Basically, for each of the M versions of P that might exist, there needs to be some amount of leadership leading the development of that version of P. Where open source wins is that there's no corporate structure dictating who the leaders are. Rather, much like ducks do when flying in formation, whoever has the most energy leads the wedge, and as one tires, another from the pack leads. And if one duck is particularly eager, he's welcome to start his own formation, but there's always the existing bias not to which keeps things at least somewhat clustered.


  • Structure hierarchy is nice, but can lead to all kinds of unproductivity. :-)

  • Wasn't the major sticking point with Xemacs the fact that Lucid did not want to assign copyright over to the FSF? Personally, I think it's their prerogative, and it's commendable that Xemacs/GNU-Emacs are still highly interoperable. Just that XEmacs is much more highly developed, and it's even smaller now.
  • Best thing that happened to P, perhaps. To civility, no. What sort of rude things WERE in J's .sig, and what right did J have to resort to personal attacks?

    I'm a MOOer, that means I'm an enthusiast of the variety of talk-style MUD (as opposed to combat-style) called LambdaMOO (both a program name and the name of its first installation). When the original maintainer of LambdaMOO (or just MOO, since it totally replaced the original MOO) passed the torch on to another, we saw a bugfix release, and nothing more. It has been years now, and the promised 1.9 version has not arrived, and 2.0 is just not forseeable. Some others have taken it upon themselves to write performance releases, but they let them be known by different lettering for the patch levels ("r" for "rogue" instead of "p" for "patch"). So moo-1.8.0r6 is the sixth "rogue" patchlevel to moo-1.8.0p6 (making a total of 12 patches to 1.8.0).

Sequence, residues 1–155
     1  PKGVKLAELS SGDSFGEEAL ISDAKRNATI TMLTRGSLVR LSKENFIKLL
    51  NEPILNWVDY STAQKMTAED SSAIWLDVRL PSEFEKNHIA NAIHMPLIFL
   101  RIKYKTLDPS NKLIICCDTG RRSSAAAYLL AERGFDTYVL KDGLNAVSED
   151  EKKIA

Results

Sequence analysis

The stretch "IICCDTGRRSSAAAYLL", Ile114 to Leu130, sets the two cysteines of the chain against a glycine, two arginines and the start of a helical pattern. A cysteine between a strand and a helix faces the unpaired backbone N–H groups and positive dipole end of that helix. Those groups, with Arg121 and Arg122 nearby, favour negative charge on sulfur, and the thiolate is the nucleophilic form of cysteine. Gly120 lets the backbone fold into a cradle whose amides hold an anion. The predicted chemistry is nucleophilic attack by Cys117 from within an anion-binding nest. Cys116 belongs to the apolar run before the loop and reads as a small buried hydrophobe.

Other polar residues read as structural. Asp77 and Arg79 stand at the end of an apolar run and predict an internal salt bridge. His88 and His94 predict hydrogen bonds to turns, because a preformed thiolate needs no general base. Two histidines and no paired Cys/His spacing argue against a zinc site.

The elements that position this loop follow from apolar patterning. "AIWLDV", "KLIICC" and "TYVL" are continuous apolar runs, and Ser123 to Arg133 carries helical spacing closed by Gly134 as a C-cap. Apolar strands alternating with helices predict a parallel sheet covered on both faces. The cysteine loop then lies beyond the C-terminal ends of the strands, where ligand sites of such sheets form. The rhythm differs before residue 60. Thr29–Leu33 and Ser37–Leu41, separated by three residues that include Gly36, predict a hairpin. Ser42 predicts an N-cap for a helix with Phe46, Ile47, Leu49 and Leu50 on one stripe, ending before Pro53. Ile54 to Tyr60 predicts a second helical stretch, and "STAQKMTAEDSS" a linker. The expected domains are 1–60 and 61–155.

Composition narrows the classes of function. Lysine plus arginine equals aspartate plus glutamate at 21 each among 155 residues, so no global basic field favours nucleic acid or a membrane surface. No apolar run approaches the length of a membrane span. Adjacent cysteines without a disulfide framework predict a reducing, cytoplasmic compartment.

There's some hard feelings about being let down by not seeing a 1.9 MOO release with new features. Most have lost faith that one will ever be released. But none of the developers creating extra patchlevels have gone off and childishly denigrated the original author for this. It just hasn't gotten personal.

    Even linux has quasi-official forks, they're called ac kernels.
  • Furthermore, rather mature of him to keep the whole thing anonymous, avoiding the /. effect which would, more than likely, help him feel some sort of revenge....
  • by FreeUser ( 11483 ) on Tuesday July 13, 1999 @06:13AM (#1805664)
    You miss the point.

    The very lack of a heiarchy of authority, and the freedom we all enjoy to take existing code and run with it in whatever direction looks promising, is one of the fundamental strengths of the Open Source paradigm. What the author described is one of the worse case scenerios for Open Source software -- two people competing for the same recognition, who loath each other and spend more time slinging mud at one another than they do productively writing code. The result? Two programs (P and P' in this case) which are competing for a user base. Both are improving over time. The following possibilites exist:

    JHQ drops development of P, J drops development of P' -- If P or P' have merit, someone else picks up the project and it moves along, sans the bloody rhetoric.